Miller Center guest Paul Barrett addresses American gun culture
Barrett says gun control should target purchasers, not guns
The Miller Center hosted Paul Barrett, author of “Glock: The Rise of America’s Gun,” for a forum to discuss the Glock pistol and gun culture in the United States Wednesday morning.
Barrett is a former editor for the Wall Street Journal and currently assistant managing editor of Bloomberg Businessweek magazine. He also writes for The New York Times Sunday Book Review.
“He became one of the very finest newspaper editors in American journalism during his time at The Wall Street Journal,” said Douglas Blackmon, chair of the Miller Center’s Forum Program.
Barrett framed his discussion with an overview of the history and engineering of the Glock pistol, focusing on the features which make it stand out from other handguns on the market.
Austrian engineer Gaston Glock invented the Glock pistol after a career using polymers to build curtain rods for the Austrian Army. Barrett credits the revolutionary design and success of the pistol to Glock’s lack of prior experience in the field of handgun design.
“That was his great advantage, knowing nothing,” Barrett said. “Many great inventors have made big leaps forward in technology because they start with a blank sheet of paper, which is what Gaston Glock started with.”
The Glock pistol introduced a 17-round magazine, streamlined design and a unique “trigger safety” mechanism in a market primarily ruled by six-round metal and wooden revolvers.
The use of Glock pistols in the United States police force became popular in the late 1980s, when police forces felt they were “outgunned” by the rise of large gangs and drugs in large urban areas.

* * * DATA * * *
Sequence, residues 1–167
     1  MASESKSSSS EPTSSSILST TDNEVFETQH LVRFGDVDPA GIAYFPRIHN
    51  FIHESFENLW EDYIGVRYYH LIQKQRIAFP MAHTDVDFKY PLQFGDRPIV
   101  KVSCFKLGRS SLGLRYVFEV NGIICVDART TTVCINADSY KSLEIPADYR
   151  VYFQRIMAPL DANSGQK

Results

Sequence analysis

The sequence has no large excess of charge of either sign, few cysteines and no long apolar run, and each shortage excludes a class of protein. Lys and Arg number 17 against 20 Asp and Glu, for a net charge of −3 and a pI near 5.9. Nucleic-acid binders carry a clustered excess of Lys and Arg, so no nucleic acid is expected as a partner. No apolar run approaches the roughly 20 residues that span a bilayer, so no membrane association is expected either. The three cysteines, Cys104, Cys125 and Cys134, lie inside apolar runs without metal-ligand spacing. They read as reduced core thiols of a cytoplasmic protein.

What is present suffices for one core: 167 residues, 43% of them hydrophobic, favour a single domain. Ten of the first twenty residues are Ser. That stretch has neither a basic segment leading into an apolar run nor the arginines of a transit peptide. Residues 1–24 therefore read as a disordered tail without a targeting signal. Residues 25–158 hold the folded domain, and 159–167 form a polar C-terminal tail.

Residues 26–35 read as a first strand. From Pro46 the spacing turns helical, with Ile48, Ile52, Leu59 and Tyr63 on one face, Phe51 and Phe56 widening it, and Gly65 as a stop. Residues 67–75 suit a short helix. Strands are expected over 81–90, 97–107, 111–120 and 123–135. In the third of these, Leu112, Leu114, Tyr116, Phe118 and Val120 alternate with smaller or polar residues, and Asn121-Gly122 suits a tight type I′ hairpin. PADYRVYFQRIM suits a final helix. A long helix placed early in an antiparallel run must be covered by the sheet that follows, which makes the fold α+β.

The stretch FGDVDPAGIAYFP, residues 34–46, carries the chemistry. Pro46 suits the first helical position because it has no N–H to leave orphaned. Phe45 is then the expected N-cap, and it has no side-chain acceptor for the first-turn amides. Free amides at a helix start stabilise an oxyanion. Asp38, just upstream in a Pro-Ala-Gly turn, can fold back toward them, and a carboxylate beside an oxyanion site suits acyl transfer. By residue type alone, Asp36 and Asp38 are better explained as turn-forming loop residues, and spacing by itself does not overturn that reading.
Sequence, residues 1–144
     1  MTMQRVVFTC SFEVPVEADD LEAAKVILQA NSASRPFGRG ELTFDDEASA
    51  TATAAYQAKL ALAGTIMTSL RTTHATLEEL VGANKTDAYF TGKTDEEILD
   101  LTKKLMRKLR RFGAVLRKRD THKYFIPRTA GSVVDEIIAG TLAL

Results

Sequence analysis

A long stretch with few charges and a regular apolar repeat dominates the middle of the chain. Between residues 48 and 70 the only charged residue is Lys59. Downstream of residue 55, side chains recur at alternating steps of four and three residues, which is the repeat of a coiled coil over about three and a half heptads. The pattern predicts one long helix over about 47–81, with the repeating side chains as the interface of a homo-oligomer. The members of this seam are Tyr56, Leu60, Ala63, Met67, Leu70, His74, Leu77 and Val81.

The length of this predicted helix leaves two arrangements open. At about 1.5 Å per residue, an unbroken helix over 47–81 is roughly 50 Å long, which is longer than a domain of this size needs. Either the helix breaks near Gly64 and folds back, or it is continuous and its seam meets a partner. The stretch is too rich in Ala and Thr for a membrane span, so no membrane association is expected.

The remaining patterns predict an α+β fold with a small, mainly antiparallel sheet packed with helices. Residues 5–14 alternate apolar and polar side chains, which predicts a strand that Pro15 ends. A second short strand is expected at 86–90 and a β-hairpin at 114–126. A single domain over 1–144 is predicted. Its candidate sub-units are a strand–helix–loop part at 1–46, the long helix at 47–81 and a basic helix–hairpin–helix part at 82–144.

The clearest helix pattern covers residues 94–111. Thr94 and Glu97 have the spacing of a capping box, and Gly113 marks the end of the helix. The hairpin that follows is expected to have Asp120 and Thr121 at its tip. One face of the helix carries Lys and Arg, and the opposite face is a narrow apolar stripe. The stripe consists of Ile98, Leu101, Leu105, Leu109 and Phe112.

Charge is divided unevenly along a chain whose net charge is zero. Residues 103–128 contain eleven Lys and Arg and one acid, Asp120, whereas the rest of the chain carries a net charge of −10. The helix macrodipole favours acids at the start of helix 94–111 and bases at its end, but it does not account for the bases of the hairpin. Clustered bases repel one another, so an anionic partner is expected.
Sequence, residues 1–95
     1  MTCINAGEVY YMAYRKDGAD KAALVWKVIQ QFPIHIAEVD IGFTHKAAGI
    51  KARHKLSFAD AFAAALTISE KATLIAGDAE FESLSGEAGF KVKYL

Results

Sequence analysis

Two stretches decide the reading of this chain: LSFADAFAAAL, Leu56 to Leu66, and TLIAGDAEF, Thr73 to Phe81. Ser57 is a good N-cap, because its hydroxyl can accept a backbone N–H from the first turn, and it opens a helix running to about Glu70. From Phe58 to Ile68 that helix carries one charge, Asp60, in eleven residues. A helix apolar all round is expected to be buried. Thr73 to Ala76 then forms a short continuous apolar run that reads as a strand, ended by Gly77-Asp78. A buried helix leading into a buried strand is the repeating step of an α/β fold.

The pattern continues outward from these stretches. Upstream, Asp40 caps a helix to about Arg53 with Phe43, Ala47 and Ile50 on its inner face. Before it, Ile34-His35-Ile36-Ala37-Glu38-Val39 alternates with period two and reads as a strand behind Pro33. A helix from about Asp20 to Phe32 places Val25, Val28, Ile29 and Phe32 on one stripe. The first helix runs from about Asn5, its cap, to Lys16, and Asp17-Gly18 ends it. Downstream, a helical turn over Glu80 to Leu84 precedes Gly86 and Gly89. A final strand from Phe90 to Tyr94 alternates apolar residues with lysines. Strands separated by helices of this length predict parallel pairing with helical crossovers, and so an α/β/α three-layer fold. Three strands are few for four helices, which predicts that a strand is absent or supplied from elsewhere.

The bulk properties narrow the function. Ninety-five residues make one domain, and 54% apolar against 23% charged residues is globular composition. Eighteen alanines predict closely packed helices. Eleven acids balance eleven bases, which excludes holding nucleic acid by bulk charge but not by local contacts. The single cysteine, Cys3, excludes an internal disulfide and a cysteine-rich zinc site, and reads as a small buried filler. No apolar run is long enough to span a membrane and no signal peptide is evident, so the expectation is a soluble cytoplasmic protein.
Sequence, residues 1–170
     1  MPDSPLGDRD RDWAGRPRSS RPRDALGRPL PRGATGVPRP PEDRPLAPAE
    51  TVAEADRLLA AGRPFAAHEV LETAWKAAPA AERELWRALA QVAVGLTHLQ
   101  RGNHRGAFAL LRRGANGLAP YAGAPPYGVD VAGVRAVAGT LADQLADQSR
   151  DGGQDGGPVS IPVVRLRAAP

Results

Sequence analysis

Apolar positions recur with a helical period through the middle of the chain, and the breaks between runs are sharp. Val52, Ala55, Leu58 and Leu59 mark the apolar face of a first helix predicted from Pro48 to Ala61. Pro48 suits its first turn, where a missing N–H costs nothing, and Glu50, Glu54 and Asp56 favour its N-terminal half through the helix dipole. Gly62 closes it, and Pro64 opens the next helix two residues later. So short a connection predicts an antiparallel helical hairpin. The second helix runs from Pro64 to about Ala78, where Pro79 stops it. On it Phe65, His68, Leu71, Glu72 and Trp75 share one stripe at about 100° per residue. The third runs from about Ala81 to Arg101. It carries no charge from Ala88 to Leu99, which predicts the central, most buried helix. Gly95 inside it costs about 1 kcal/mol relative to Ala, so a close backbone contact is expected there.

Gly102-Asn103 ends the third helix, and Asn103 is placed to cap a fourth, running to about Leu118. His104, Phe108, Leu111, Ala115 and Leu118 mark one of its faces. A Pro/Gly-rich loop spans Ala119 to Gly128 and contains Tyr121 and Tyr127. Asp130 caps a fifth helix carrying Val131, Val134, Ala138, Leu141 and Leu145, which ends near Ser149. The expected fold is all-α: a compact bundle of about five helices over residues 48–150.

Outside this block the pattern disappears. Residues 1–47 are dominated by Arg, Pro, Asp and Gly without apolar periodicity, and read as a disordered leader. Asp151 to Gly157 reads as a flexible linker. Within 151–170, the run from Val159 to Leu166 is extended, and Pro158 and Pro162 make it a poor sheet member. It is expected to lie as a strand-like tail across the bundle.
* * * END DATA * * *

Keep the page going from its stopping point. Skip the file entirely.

“There wasn’t a lot of empirical evidence that police officers were outgunned [by drug gangs] in any provable way,” he said. “But police officers were under the impression that they were outgunned, and therefore Gaston Glock’s marketing pitch of 17 rounds compared to five or six rounds was very appealing.”
Popularity of the gun among the general public rose as a result of the widespread use of the pistol in police forces as well as its portrayal in popular media, which Barrett noted frequently misrepresents the weapon.
Barrett also paid close attention to the role of the Glock in early gun control efforts — an issue not widely debated until the 1960s. Jurisdictions across the country made attempts to ban the pistol by name, something Barrett says had not occurred for any company prior to the Glock. These efforts were overall ineffective, and served only to popularize the firearm.
“The effort to demonize a weapon that is not intrinsically more dangerous than Grandpa’s deer rifle has just backfired time and again,” Barrett said.
Barrett believes the key to proper gun control lies not in the restriction of the guns themselves, but in an increased restriction in access to guns.
“Too often, liberals imagine that what we need to do is get rid of the guns,” he said. “The thing is, that’s never going to happen. The Second Amendment is a constitutional principle that is deeply meaningful to many Americans. The question is what can be done to keep guns out of the hands of people who should not have any firearm.”
A common topic of concern from those in the audience was the relationship between America’s “gun culture” and the increased frequency of school shootings within the past decade. Recently, the Glock has been among weapons identified in various shootings. Barrett drew attention specifically to the shooting at Sandy Hook Elementary which took place just more than a year ago, where the gun used by the shooter in the school was identified as a Glock 20SF.
One viewer asked, “How far are we willing to go in a pragmatic way focusing on crime and police in the schools?”
Barrett said there is no solution that is right for everyone when it comes to preventing gun violence in schools.
“Putting a police officer in schools is not ideal,” Barrett said. “It signals we are anxious about something. On the other hand, maybe it has a good side effect.”
Despite his support for the allowance of civilian possession of firearms, Barrett does not consider himself “pro-gun.”
“I think I’m a pragmatist,” he said. “I’m in favor of law-abiding people who want to own guns, owning them and using them safely.”